(Reuters) -Kelly Newman, a family law attorney, used to leave her New Jersey home at 7 a.m. and return 12 hours later, but since the pandemic made school partly virtual for three of her six kids, she has put her career on hold.
Instead of shuffling between the office and the courtroom, Kelly spends the bulk of her day driving the children, all under 10, to and from school, preparing meals or helping them study from their home in southern New Jersey.
She plans to start her own practice from home, but time is short.
“I spend so much time waiting for kids to do and be done with things,” said Kelly, 46. “Before I know it, every single day it’s bedtime.”
Adding to the stress, the salary her wife, Rachel, 47, earns as a high school teacher is not enough to cover all of their bills. A move over the summer to a bigger rental house ate up much of their savings, and they’re months behind on their electric and internet bills.
Families like the Newmans are lucky in many ways. The immediate family hasn’t lost anyone to the disease, the kids are taking regular classes, and they aren’t going hungry or being evicted.
But even with a vaccine just months away, it may take many Americans years to put their careers and their finances back together, experts say.
As U.S. Congress fight over how to distribute more fiscal aid to businesses, local governments and individual Americans, economic and labor experts have the same urgent plea – err on the side of generosity.
“Overall we just need to give people money so they can keep their budgets whole,” said Kate Bahn, director of labor market policy for the Washington Center for Equitable Growth. That way, the recovery, when it comes, will be easier, she said.
VIRTUAL SCHOOL HITS HARD
Kelly took family leave at the start of the year, before the coronavirus hit, to care for the Newmans’ infant, the youngest of four foster children the couple are in the process of adopting.
She intended to go back to work full-time and rely on childcare to fill in the gaps. But the five other kids are now attending a mix of online and in-person classes, in two different schools with three different schedules.
“I ended up leaving my job just because the logistics of it was not working for my family,” said Kelly, who worked as a lawyer for 13 years.
She applied for unemployment benefits through a program created under the first stimulus package, the CARES Act, aimed at parents who are unable to work because they have no childcare. But that expires at the end of the year.
Families across the United States have made similar readjustments with schools closed again in many states. Some parents are cutting back hours or leaving their jobs altogether. In general, women have felt the impact more than men.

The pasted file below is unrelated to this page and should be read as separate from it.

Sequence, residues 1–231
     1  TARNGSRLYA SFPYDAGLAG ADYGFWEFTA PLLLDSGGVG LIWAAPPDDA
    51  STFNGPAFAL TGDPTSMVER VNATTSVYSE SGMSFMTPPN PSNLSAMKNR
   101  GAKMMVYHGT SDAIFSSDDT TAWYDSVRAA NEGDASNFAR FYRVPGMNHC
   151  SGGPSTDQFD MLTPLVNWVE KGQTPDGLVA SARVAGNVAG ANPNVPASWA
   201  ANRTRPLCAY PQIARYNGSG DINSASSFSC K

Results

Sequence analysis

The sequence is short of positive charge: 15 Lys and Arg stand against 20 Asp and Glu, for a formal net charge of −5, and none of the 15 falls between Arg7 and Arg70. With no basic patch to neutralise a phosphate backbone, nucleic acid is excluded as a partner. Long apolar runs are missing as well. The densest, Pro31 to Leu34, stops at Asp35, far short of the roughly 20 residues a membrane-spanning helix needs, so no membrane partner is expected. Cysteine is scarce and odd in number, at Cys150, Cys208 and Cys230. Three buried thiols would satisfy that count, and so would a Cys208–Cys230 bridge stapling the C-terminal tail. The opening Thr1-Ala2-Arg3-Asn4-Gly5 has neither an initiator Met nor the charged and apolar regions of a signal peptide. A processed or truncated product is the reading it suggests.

The Newmans’ days start early. Rachel is usually up by around 5 a.m. with the three youngest boys, Kelly at 6 to help the children get dressed before driving them to school.
On the days they aren’t physically in the classroom, the kids set up at the large dining table with their laptops and headphones. Rachel sits at one end, grading assignments and instructing from her computer.
Lessons at home start at about 8:30 a.m. with Rachel on hand to help with technical issues. Between classroom periods she does about three loads of laundry a day.
Meals are a blur of something easy to make in batches, like grilled cheese sandwiches, air fryer chicken nuggets and french fries. After they eat dinner, Rachel puts the youngest boys to sleep while the older children clean up the table.
MAKING IT WORK
Rachel says she loves watching her own children learn, but work is frequently interrupted with questions about snacks or math problems and she misses teaching her students in person.
“I’ll make this work as long as this is what we need to do to keep everyone safe,” she said.
For her part, Kelly is taking on pro bono work, and asking peers for referrals on cases they can’t handle themselves.
Like her, a growing number of Americans have sought new ways of working during the crisis, despite the economic and other hurdles. Some 1.6 million applications for business formation were filed in the third quarter of 2020, up 82% from the same quarter in 2019, according to census data.
Still, Kelly said, “I’m extremely far away from being able to earn revenue or have a client base.”
She calculated it will cost about $2,000 a month, including rent, to cover basic businesses expenses, including malpractice insurance, bookkeeping software, internet and furniture. But after going months with reduced income, she doesn’t have the cash.
“I want to be working,” she said. “I love what I do and I really feel like I’m missing out on a fulfilling part of my life.”
(Reporting by Jonnelle Marte; Editing by Heather Timmons and Sonya Hepinstall)